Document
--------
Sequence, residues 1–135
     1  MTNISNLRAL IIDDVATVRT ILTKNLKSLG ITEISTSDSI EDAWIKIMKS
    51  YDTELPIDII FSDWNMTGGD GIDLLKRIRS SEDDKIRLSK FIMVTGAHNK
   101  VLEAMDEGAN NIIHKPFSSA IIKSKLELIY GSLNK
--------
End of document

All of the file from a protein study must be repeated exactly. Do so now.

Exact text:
Sequence, residues 1–135
     1  MTNISNLRAL IIDDVATVRT ILTKNLKSLG ITEISTSDSI EDAWIKIMKS
    51  YDTELPIDII FSDWNMTGGD GIDLLKRIRS SEDDKIRLSK FIMVTGAHNK
   101  VLEAMDEGAN NIIHKPFSSA IIKSKLELIY GSLNK